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“Ade Coker, they stole his shoes,” Merrick said of his former teammate. “We had to make an announcement in the paper and say, ‘Someone return ’em.’ Because, back then, we used to break new shoes in. Like today, you take them off the shelf, they’re good to go. Back then, you’ve got to wear them in practice, you’ve got to soften them up and do all kinds of stuff with them.”
Litt said someone did return Coker’s shoes, and the Nigerian-American was able to wear them in the 1976 Soccer Bowl a week later, though Toronto Metros-Croatia still defeated Minnesota three-nil.
The trio credited the Kicks’ impressive attendance to the special relationship shared between fans and players.
“They called it a love affair. The fans had never seen players at the end of the game run ’round the field, saluting the fans,” Merrick said. “Normally, the American football players, they just walk straight off, same with baseball. Hockey’s the same, they just head down the tunnel.”
Said Litt, “We were more approachable. They got to know us, and it’s kind of like you’re more of a friend than you are an athlete, and I think that was the biggest thing.”
“We went and did lots of clinics, lots of appearances and were a part of the community,” added Willey.
Continuing on the subject of the crowds at the old Met, Merrick said, “They became very knowledgeable by the end of the  season. They knew how to appreciate good play, and we were just compelled to do well because the were just egging us on. By the end of the season, they were well into it. From the moment you came out of the tunnel and onto the field, they were cheering.”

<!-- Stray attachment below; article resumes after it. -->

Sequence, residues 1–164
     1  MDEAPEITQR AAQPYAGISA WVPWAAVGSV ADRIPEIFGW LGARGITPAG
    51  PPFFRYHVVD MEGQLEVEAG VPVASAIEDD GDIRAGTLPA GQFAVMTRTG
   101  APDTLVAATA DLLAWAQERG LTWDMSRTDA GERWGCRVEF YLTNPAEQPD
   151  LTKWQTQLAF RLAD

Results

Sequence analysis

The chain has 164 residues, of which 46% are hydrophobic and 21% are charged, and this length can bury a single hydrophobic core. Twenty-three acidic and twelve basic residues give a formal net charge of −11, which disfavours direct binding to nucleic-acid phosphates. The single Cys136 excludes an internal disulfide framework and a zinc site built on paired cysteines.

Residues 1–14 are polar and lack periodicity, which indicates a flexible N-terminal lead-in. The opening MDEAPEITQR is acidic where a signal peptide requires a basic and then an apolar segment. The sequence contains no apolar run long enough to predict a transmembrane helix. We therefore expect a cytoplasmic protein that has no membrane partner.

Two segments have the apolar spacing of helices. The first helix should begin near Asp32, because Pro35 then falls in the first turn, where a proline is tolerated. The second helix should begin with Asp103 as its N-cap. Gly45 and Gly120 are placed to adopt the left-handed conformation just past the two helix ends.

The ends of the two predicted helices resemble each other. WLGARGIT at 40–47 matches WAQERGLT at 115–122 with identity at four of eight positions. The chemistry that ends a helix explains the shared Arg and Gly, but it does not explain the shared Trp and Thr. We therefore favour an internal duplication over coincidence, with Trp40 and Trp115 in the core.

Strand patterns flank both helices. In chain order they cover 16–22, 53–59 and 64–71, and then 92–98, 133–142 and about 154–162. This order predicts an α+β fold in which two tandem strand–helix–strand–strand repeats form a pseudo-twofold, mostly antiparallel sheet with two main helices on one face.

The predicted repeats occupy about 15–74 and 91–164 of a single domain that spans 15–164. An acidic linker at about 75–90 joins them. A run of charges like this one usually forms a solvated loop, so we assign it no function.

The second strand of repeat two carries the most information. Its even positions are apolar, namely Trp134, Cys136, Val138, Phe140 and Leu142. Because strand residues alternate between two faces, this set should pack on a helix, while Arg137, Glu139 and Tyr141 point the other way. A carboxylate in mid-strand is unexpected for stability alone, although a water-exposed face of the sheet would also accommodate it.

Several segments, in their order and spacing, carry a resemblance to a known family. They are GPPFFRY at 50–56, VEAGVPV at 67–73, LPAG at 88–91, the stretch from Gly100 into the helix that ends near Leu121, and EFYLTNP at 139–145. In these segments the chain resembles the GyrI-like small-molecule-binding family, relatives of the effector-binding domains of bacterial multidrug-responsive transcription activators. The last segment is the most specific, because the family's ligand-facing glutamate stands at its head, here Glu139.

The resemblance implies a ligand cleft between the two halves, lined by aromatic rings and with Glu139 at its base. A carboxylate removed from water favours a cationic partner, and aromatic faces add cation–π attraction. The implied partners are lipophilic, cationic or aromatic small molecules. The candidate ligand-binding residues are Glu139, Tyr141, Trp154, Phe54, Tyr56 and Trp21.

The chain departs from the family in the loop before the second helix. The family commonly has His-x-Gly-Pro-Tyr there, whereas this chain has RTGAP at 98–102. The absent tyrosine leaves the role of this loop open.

Former Minnesota Kicks players make an appearance for the opening of Minneapolis SC’s club shop on Saturday, Sept. 22nd, 2018. (Kyle Eliason/Pro Soccer USA)
Lest any accuse the three of only speaking well of the past, the former kicks were also highly complimentary of present-day fans in the Land of 10,000 Lakes.
“The fans these days are much more knowledgeable,” Willey said. “You go to the fans in the stands tonight and name any player in the world, and they’ll know who he is and who he plays for. That’s the great thing about it. They’re involved not just in MLS, but with all the soccer around the world. There’s no getting away with any bad play, or commentators trying to make things up, because fans know what’s going on these days.”
“They’re going to get 20,000, maybe 25,000 at the new stadium,” Willey added, referencing the maximum capacity to which Allianz Field can be expanded in future years.
Willey also made note of the Loons’ pronounced difference in form, home (31 points) and away (5 points). Merrick ascribed the latter to mentality and a lack of discipline, but both he and Litt were optimistic the opening of Allianz Field could further strengthen the former.
“The new stadium is going to be spectacular for everybody,” Merrick said. “And they should maintain that home advantage even more so with the new stadium.”
“I think that’s the boost that will get them kicking forward,” followed Litt, pun perhaps intended.
With three weeks to go before the Galaxy come to town, MNUFC has a decent chance of creating an atmosphere to rival the best in state history. Should it do so, the club may have the likes of Merrick, Litt and Willey, in part, to thank.
“I think that Minnesota has always been a soccer state, ever since the Kicks were playing,” Litt concluded. “When we first came here, you didn’t see too many soccer fields around. Now they’re everywhere — they’re all over the place. Everybody’s playing, all the kids are playing. The parents, they were kids watching us play, and are now helping their kids going forward.”